Get the latest market trends in your inbox

Stay on top of the latest market trends and economic insights with the Axios Markets newsletter. Sign up for free.

Please enter a valid email.

Please enter a valid email.

Subscription failed
Thank you for subscribing!

Catch up on coronavirus stories and special reports, curated by Mike Allen everyday

Catch up on coronavirus stories and special reports, curated by Mike Allen everyday

Please enter a valid email.

Please enter a valid email.

Subscription failed
Thank you for subscribing!

Denver news in your inbox

Catch up on the most important stories affecting your hometown with Axios Denver

Please enter a valid email.

Please enter a valid email.

Subscription failed
Thank you for subscribing!

Des Moines news in your inbox

Catch up on the most important stories affecting your hometown with Axios Des Moines

Please enter a valid email.

Please enter a valid email.

Subscription failed
Thank you for subscribing!

Minneapolis-St. Paul news in your inbox

Catch up on the most important stories affecting your hometown with Axios Minneapolis-St. Paul

Please enter a valid email.

Please enter a valid email.

Subscription failed
Thank you for subscribing!

Tampa-St. Petersburg news in your inbox

Catch up on the most important stories affecting your hometown with Axios Tampa-St. Petersburg

Please enter a valid email.

Please enter a valid email.

Subscription failed
Thank you for subscribing!

Please enter a valid email.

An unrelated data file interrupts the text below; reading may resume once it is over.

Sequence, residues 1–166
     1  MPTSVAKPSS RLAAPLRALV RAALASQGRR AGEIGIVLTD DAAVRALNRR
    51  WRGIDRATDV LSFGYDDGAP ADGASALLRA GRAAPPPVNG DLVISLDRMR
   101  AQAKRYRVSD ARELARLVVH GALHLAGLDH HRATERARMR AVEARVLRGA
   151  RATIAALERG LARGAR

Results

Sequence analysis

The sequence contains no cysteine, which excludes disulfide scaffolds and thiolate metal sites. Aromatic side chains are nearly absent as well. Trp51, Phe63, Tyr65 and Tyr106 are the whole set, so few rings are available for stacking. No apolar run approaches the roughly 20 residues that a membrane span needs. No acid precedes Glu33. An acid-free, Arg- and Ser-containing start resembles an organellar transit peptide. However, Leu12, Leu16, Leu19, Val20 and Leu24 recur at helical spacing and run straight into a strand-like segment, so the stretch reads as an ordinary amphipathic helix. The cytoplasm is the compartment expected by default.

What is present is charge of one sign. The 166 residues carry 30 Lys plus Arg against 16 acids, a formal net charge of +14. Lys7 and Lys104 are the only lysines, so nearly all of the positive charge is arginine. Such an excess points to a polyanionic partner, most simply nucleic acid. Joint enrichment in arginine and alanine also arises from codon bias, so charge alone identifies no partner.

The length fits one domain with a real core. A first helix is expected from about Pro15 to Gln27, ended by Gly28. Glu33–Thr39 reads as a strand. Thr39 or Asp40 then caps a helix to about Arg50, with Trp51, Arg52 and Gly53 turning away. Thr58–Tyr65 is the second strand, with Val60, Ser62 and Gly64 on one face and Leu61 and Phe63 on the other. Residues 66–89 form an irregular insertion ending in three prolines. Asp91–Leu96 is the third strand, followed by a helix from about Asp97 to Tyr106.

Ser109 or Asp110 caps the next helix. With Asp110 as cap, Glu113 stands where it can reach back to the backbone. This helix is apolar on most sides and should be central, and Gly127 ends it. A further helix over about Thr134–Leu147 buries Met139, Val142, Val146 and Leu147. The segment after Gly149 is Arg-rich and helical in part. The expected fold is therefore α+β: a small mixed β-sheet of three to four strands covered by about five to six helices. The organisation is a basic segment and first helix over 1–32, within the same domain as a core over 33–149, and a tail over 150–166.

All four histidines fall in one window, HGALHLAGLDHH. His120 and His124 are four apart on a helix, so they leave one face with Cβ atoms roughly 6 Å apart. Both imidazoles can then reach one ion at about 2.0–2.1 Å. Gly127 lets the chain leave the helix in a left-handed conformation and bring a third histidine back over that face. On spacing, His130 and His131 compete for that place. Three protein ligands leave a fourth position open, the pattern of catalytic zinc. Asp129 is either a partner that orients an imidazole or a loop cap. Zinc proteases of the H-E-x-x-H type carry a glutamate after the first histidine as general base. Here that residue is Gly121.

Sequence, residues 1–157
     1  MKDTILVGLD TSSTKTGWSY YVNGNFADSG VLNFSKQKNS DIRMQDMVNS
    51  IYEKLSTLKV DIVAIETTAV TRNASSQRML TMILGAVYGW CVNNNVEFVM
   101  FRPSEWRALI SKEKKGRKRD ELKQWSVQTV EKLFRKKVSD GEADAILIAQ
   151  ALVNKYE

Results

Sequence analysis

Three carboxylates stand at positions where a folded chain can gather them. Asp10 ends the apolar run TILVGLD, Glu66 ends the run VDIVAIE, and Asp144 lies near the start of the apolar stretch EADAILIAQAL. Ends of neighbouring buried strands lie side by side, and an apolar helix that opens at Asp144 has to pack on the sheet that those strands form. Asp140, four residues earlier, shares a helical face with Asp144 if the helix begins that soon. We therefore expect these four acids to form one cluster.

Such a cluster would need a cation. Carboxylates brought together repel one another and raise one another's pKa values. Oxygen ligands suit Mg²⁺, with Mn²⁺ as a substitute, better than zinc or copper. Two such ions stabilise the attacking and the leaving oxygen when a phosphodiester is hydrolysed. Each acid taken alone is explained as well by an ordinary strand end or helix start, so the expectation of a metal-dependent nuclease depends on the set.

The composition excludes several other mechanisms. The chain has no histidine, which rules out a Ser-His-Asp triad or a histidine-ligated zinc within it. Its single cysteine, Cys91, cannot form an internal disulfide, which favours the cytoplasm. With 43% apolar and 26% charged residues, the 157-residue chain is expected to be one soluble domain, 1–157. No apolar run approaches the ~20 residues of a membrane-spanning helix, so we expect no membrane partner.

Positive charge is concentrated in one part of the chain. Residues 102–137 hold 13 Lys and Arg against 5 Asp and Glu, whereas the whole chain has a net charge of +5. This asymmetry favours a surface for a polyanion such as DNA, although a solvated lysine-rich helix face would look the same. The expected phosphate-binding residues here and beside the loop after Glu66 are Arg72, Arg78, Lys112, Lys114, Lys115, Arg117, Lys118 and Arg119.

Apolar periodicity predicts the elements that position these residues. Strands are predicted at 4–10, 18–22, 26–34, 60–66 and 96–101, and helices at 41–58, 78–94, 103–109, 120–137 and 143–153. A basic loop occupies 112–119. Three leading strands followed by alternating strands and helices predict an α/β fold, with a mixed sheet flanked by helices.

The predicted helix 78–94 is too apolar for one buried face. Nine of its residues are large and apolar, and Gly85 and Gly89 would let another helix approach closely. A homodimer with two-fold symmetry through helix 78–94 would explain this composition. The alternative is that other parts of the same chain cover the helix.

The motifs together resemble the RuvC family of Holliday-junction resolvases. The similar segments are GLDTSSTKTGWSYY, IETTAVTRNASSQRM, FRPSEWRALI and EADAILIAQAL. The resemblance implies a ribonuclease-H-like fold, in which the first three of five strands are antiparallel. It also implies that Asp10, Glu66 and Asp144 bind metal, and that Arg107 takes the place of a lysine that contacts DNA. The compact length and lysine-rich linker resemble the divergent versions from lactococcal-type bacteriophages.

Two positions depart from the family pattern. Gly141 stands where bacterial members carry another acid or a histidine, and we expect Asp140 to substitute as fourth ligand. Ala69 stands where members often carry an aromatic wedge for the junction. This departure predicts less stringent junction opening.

Please enter a valid email.

Subscription failed
Thank you for subscribing!

Sen. Mark Warner, D-Va., left, and Sen. Richard Blumenthal, D-Conn., on Capitol Hill in July. Photo: Caroline Brehman/CQ Roll Call.

Three prominent tech critics in the Senate will introduce new legislation Tuesday requiring social media giants to give consumers ways to move their personal data to another platform at any time.

Why it matters: The bill's goal is to loosen the grip social media platforms have on their consumers through the long-term collection and storage of their data. Allowing users to export their data — like friends lists and profile information — could give rival platforms a chance at competing with Facebook or Google's YouTube.

Details: Democratic Sens. Mark Warner (Va.) and Richard Blumenthal (Conn.), along with Republican Sen. Josh Hawley (Mo.) are introducing the Augmenting Compatibility and Competition by Enabling Service Switching (ACCESS) Act.

  • In addition to data portability, the bill would also require communications platforms with over 100 million U.S. monthly active users to make their services interoperable.
  • It would require platforms to give users the option to designate a trusted third-party service to manage their privacy, content, online interactions and account settings.

The big picture: The bill is the next installment of legislation from Warner and Hawley aiming to force dominant social media platforms to be more transparent with users about what they are giving up when logging on to the service.

  • In June, the senators partnered to introduce the DASHBOARD Act, which would require a company like Facebook to disclose how it monetizes user data and how much that data is worth.